On Tuesday of this week, members of the St. Lawrence Psychiatric Center Task Force and other local leaders headed down to Albany to urge the state to reconsider its plan to eliminate inpatient beds at the psychiatric facility. Earlier this week, St. Lawrence County Sheriff Kevin Wells told WWNY-TV that if the psych center loses those inpatient beds, it will tax local jails (specifically, the St. Lawrence County Jail) as untreated people with mental illness turn to substance abuse.
Today, North Country Now reports, the state Correctional Officers and Police Benevolent Association (NYSCOPBA) is taking a stand against the cut in services with a statewide radio ad. They’re making a related argument, that closing the center (and others like it) will force people to travel great distances to get psychiatric care, create overcrowded conditions in prisons, and cost jobs (the full text of the NYSCOPBA ad is in the article.)
In this context, I want to draw your attention to a really interesting article in the Buffalo News about the impact cutting inpatient beds can have on prisons and on people with mental illness. Here are a few highlights (although it’s worth reading the whole thing). These are taken directly from the article:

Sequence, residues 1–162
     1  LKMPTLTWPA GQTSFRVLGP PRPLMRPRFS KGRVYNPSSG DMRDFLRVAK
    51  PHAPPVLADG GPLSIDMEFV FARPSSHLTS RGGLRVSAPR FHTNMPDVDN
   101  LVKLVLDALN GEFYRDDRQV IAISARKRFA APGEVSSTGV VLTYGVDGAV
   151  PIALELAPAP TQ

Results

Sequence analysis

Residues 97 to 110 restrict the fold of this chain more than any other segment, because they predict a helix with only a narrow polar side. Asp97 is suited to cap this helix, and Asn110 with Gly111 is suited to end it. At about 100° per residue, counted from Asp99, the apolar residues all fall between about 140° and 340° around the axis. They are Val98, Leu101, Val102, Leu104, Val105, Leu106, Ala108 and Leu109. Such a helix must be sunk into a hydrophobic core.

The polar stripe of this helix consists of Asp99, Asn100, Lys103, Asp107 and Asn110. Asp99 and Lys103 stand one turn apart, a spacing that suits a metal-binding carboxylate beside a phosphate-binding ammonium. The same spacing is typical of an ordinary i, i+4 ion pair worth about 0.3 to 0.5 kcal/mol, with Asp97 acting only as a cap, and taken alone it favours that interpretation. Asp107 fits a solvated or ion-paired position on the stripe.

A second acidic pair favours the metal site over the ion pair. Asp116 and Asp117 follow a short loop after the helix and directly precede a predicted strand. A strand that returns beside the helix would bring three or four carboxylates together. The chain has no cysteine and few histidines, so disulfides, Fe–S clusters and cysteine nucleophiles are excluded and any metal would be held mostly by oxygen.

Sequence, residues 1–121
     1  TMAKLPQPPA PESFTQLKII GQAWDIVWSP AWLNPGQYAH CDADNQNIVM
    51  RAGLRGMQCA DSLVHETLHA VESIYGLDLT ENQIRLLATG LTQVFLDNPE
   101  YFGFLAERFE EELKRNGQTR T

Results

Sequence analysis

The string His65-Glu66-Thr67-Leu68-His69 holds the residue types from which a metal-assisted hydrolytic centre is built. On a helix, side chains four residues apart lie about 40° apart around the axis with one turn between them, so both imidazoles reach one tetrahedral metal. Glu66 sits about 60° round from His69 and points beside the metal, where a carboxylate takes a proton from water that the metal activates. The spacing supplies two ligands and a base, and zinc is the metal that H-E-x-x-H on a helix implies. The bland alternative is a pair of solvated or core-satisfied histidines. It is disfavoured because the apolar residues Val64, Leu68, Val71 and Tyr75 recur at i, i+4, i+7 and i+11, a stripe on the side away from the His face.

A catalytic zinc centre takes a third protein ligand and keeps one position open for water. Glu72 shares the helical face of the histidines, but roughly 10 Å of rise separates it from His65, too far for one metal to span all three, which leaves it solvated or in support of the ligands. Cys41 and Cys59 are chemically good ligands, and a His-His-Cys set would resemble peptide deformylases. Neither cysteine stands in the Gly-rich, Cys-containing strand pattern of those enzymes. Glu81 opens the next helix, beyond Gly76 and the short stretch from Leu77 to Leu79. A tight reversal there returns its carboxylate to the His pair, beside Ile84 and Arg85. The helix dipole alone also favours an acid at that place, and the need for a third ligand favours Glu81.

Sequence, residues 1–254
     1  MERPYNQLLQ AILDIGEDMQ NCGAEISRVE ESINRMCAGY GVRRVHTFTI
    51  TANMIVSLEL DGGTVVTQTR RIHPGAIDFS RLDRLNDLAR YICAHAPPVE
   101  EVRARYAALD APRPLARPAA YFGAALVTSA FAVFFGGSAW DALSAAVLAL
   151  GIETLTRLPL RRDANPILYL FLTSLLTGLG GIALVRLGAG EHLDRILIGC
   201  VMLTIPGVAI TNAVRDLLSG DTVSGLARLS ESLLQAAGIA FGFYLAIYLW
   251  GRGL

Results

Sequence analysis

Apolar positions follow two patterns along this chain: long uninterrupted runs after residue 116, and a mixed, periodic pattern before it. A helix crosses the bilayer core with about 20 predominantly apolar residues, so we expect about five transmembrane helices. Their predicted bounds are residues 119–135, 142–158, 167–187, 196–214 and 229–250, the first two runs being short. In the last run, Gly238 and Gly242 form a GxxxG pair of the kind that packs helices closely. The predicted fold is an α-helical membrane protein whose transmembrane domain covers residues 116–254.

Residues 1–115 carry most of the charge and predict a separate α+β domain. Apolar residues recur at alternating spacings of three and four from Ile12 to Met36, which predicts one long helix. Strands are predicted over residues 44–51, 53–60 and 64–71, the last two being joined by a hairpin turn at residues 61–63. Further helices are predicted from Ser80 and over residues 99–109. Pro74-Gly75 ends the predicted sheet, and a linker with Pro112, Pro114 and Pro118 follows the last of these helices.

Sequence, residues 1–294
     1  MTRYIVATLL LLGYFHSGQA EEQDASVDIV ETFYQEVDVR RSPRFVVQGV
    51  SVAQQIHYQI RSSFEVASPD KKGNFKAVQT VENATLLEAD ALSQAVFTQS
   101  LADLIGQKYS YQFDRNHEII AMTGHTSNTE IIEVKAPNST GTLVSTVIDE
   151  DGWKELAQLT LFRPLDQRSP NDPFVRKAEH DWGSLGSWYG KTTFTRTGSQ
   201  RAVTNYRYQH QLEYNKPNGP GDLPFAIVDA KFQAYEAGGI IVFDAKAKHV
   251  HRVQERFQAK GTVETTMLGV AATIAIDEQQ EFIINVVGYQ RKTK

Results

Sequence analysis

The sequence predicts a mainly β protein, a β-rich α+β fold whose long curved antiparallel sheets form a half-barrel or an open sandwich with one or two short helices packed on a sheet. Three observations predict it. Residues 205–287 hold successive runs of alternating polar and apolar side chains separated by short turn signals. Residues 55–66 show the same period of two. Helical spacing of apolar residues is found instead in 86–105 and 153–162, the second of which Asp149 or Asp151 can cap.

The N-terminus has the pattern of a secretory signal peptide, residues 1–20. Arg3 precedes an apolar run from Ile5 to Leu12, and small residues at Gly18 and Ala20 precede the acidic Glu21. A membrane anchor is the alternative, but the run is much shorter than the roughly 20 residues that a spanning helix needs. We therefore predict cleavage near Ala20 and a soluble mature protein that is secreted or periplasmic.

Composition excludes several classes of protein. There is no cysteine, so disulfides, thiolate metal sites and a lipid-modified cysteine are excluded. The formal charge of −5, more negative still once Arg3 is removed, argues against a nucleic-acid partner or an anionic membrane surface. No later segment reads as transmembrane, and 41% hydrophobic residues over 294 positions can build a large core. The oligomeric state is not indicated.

• Mentally ill inmates nationwide are more likely to become sexual victims while behind bars. Some 6.3 percent of state and federal inmates with “serious psychological distress” reported that they had been victimized by another inmate. That’s nine times greater than the percentage of victims with no mental disorder, according to the Justice Department’s Bureau of Justice Statistics.
• Inmates in designated mental health units are involved – as victims or perpetrators – in more assaults, contraband violations, self-injuries and other “unusual incidents” than general population inmates in New York’s most dangerous prisons. The rate of unusual incidents among prisoners in six of the system’s specially established mental health units in 2011 was more than three times the rate for Auburn Correctional Facility, a notorious maximum-security prison.
• Mentally ill inmates are easily preyed upon by general population inmates. Sometimes called “bugs,” inmates with psychiatric disorders are enlisted to run drugs or fill other dangerous tasks. A mentally ill or developmentally delayed inmate is “like a lamb or a zebra to a lion,” one prison-based mental health worker said. “Easy pickings.”
• Studies suggest that mentally ill inmates released from prison are more likely to re-offend if they return to drug abuse – which often accompanies mental illness – and drop the prescribed medicines they received in prison. The more effective the treatment while they are in prison, the less likely they will cause problems once paroled.
So, food for thought. State Sen. Patty Ritchie’s Facebook page says the Gov. Andrew Cuomo (who unexpectedly stopped by Tuesday’s meeting in Albany), will “personally review materials that make a case for the Psych Center staying open.” We’ll see what happens with that.